“Respect your elders”. “Say ‘goodmawnin’ to your teacher“. “Say ‘yes, sir; no, sir'”. “Show some respect!” “Deya pickney nowadays nuh gat no respect!” “Who you tink you di talk to? Mind a slap u mouth suh haad, yu teeth wah march out!” “Nuh di backansah me heah? Caz ah jus fuklick yu lee rass!” “Lookya woman. Nuh di talk to me like dat heah? Befo ah bax yu crass and crass yu face! Yu own ma nuh wah know yu!”
Sounds familiar? Which Belizean has not had these words hurled at him/her or was the one yelling them? I heard these words my whole life growing up but what it instilled me was not respect, only fear and distrust. Where did we get these ideas from? Why is it so pervasive that even if someone tries to do differently; say, a teacher who asked you to call him/her by his/her given name; a parent who doesn’t believe in spanking; a woman who asserts her right to her opinion, he/she is admonished, shunned even and called weak, a “pushover”, “stupid stupid”? Yet, when a man beats his wife, “he di teach ah mannahs” or “she ask firit nuh, we tell ah fi cook hi food di way he like it; di man work haad. Whe she duh but stay home all day and watch novela?” or “every woman need fi get cuff now and again so she could remember who da boss”. What about the child who is slapped across the face in the street or pulled by the arms up the steps, or chased around the yard with a stick?
You thought slavery was over right? Heck! Belize boasts about how we weren’t really slaves to begin with and certainly not like what happened in Jamaica and the Caribbean. Oh no! We mi always run tings da dis country. Nobadi own we! Welllllll. Not quite. If you ascribe to anything I just described above, you are still a slave. All those behaviours came straight from “Massah, sah”. Slaves and indentured servants were kept in line by keeping them ignorant. They weren’t provided with proper education and even when one had access to a school, dropping out before finishing Standard VI was not cause for concern, even when I went to school. And that was in the ’80’s. When I gave my Valedictory speech to my Std VI class in the year 1987, my address went something like this: “Some of you will enter the workforce; some of you will start your own families and some of you will join me in the furtherance of our education at high school“. Shocking? Not then it wasn’t. Half of my class did not come to high school with me. One girl had already had a baby and had dropped out the year before. The other way to keep slaves and indentured servants in line was to threaten them at the drop of a hat with whippings, maiming, isolation, deprivation. Then, there was the routine raping of the women and children, the name calling, the insults.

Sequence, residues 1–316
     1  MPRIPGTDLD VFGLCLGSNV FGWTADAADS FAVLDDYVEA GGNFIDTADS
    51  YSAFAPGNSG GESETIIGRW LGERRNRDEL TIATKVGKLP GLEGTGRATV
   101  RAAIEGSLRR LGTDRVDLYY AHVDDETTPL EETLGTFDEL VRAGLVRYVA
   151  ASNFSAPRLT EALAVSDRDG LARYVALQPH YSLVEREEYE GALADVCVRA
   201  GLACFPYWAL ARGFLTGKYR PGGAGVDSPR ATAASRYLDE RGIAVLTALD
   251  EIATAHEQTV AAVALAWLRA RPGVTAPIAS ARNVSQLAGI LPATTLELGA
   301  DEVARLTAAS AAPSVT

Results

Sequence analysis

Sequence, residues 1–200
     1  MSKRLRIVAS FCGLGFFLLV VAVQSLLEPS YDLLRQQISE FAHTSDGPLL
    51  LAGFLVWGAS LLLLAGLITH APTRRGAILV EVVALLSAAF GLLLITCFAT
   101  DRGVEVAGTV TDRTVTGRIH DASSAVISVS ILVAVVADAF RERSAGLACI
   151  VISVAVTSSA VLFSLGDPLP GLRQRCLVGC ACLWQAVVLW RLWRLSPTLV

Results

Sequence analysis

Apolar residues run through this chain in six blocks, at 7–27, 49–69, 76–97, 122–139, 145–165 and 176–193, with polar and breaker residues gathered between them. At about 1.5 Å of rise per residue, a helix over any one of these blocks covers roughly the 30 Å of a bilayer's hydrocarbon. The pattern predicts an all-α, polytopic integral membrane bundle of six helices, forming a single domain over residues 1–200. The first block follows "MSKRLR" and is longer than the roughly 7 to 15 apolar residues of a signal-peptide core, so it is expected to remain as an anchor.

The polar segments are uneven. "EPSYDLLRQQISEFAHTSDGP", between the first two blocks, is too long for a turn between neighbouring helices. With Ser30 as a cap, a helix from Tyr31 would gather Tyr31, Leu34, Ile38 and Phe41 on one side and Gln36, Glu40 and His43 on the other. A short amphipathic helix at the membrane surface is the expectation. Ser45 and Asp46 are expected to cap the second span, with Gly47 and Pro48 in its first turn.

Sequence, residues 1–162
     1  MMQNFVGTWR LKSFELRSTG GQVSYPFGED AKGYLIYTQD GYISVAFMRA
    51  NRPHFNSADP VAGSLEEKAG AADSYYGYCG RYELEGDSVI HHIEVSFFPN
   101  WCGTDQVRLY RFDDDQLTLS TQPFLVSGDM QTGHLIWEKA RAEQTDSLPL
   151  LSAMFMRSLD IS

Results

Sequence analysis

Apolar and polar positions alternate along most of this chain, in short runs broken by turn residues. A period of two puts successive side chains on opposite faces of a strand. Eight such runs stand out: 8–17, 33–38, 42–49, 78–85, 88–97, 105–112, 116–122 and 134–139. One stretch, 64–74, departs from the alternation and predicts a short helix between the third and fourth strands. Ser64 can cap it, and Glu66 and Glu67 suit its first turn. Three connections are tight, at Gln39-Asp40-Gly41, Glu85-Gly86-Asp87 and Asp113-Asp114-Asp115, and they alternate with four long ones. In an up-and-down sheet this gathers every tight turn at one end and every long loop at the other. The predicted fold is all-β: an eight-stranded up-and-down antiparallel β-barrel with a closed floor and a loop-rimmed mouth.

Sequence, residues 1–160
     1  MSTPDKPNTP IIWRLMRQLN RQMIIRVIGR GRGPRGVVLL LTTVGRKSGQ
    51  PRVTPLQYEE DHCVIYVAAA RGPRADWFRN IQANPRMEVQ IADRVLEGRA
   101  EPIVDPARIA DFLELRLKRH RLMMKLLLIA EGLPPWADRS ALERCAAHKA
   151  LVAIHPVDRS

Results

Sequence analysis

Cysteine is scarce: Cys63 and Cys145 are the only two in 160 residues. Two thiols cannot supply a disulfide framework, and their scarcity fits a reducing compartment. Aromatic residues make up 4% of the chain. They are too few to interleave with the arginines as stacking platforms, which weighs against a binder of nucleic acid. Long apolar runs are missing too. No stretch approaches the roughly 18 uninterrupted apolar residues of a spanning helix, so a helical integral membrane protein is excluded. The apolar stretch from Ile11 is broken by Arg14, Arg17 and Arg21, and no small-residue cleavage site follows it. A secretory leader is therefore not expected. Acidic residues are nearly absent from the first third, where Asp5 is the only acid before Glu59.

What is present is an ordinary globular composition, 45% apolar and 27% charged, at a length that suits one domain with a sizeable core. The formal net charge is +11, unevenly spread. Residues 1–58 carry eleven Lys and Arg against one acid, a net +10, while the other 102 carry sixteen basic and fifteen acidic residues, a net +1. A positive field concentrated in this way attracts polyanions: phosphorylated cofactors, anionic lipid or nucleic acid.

I hope by now your head is swimming with the images from that “Arawaks to Africans” book we all had to read; and I hope you are hearing the anger and violence in the voices of those people who screamed at you and called you names. We haven’t escaped any of it and as long as we don’t acknowledge first of all, that it did happen, and as long as we don’t acknowledge the impact it has had, we will continue to have the society we live in and we will continue to have the type of government we keep electing. Huuuuhhhhhh? Double take? What does this have to do with politics? Ah mi tink yu di talk bout ‘nuh lash u pickney’ and ‘nuh beat yu wife’. Wellllll…that could be part of the solution but I really am talking about how we choose the losers, I mean, leaders, we choose.
From the very first moment we have the least bit of comprehension, we are being told to “behave”. “Don’t do this; don’t do that…OR ELSE”. Then we go to school, more “don’t do this and don’t so that…OR ELSE”. How about that lovely rhetorical question everybody and dey granny will ask you at some time or the other: ” who di hell/fuk u tink u soh?” or the statement “u only like tek up yourself” or “yu only cud ek”. AND AT THE SAME TIME we are being told “You are a Belizean! This is your beautiful country. Show the world that our education is superior. Show the world that our way of life is better than theirs” or “gial, nuh tolerate hi nuh! If he beat you? kick ih rass tu di curb!” or “Stand up for yourself! Demand better! Vote out dis govahment! Vote for people who care about the people! You matter! Nuh mek dey sell out yu land and yu futcha!” Talk about CRAZY MAKING!!!!